And so, here is a list of things that will buoy me up and get me over this late autumn hump:

Crafts with the girls in preparation for our home made Christmas tree
McIntosh apples
Crisp bike rides
My girlfriends and their babies
Weekend farmer’s markets and then cooking dinner with my family
Creating the Les Coquettes holiday show
Bubble baths!
Organizing OUR home
TV – renting a stellar HBO series and watching it curled up on the sofa with my tribe and a glass of red wine. I’m craving Deadwood, which neither of them have seen
The winter fair at the girls’ school. I’m actually making crafts for this!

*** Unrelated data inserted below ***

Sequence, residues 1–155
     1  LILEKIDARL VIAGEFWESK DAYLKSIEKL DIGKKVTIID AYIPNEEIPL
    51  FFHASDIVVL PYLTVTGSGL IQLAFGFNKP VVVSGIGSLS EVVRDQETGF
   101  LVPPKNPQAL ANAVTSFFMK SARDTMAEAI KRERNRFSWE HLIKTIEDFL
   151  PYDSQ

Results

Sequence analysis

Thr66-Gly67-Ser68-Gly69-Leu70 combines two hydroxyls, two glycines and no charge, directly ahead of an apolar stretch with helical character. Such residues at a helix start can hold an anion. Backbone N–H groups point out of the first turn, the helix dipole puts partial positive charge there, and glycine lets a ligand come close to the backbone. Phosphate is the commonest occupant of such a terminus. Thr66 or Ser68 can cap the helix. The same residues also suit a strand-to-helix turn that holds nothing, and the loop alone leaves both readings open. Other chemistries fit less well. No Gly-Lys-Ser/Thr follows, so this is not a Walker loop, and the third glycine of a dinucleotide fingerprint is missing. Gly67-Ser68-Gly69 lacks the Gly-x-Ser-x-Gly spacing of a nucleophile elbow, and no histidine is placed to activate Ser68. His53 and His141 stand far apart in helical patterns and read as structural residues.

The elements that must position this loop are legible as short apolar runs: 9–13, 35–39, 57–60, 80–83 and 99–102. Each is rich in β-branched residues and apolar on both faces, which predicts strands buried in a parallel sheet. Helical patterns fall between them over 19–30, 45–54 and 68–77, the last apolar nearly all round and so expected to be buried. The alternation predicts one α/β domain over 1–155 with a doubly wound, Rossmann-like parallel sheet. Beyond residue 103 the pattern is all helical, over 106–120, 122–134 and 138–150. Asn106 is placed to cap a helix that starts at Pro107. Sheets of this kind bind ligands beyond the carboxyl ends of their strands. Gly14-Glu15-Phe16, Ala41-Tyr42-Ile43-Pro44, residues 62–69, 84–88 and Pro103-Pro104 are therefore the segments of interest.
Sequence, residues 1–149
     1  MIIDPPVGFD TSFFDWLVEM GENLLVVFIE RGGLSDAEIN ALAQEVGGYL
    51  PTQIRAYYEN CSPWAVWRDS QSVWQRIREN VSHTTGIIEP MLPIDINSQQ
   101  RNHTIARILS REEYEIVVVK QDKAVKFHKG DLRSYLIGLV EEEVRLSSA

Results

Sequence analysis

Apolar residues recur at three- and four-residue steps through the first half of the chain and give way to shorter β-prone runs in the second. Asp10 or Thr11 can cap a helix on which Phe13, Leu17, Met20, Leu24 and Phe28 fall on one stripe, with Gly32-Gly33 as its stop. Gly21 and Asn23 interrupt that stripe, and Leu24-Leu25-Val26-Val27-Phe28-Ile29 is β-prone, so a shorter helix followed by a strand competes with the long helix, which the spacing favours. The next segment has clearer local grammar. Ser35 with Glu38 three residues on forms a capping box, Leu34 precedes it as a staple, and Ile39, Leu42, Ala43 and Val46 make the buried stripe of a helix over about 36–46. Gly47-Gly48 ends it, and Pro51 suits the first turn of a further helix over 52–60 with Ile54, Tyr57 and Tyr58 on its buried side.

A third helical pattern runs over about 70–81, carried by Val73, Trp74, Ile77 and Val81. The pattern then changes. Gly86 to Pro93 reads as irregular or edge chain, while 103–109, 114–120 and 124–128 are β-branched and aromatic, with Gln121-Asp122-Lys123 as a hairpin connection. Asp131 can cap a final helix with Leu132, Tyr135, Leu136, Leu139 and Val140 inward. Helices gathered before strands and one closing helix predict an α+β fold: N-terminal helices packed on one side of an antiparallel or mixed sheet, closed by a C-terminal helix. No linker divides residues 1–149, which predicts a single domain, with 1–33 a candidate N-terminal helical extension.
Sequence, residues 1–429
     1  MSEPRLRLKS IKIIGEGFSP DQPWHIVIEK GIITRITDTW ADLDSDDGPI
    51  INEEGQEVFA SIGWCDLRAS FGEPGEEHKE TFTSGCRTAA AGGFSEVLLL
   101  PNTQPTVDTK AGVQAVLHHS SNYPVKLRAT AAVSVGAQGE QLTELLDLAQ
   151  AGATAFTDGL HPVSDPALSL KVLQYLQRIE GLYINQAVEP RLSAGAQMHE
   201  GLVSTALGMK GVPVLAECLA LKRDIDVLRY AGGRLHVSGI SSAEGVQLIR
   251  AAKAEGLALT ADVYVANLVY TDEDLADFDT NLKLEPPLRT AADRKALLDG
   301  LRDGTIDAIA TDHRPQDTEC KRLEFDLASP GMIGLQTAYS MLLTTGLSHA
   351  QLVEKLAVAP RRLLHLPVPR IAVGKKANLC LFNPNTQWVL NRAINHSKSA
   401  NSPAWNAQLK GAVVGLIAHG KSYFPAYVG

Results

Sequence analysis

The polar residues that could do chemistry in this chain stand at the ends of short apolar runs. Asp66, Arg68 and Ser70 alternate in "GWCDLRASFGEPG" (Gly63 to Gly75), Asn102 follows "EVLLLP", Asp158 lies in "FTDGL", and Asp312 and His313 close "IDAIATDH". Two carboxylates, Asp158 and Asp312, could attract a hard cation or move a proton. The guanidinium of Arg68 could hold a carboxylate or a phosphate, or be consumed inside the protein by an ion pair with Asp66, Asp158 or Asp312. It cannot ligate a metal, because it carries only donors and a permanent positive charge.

Dinner with my family – my bio family AND my new family all under one roof
Letters to and from Alexandra
Pumpkin curry
The gym (I don’t know how I came to like this, but I really, really do)
Writing, writing, writing (I feel better already!)

I think that’s a good start. I’m sure there’s more, and feel free to send suggestions. I refuse to let a month on the calendar overcome me. I’m a lion for heaven’s sake.

If you’re reading this, it’s because I’ve had a long, lovely talk with my partners. I think I owe it to them to explain why I attempted to run away from home before I share it with the rest of the cyber universe.

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First Night, One Year Later

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The first of July is a big day for me. Leading up to this day, I always feel displaced, anxious, and melancholic, and I usually forget why. Then, at some point around noon, on Canada’s bithday, I remember.